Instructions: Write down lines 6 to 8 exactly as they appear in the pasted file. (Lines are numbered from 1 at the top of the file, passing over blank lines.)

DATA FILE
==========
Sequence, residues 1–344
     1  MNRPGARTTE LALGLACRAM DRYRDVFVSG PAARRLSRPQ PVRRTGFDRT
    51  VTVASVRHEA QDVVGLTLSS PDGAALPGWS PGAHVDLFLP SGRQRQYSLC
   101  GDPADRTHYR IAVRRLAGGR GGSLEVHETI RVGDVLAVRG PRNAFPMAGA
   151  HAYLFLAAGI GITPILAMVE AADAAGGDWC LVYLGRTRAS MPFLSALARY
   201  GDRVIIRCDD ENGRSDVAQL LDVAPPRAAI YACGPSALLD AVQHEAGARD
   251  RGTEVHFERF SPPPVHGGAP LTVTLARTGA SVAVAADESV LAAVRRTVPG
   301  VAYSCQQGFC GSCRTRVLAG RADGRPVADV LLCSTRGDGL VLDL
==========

   201  GDRVIIRCDD ENGRSDVAQL LDVAPPRAAI YACGPSALLD AVQHEAGARD
   251  RGTEVHFERF SPPPVHGGAP LTVTLARTGA SVAVAADESV LAAVRRTVPG
   301  VAYSCQQGFC GSCRTRVLAG RADGRPVADV LLCSTRGDGL VLDL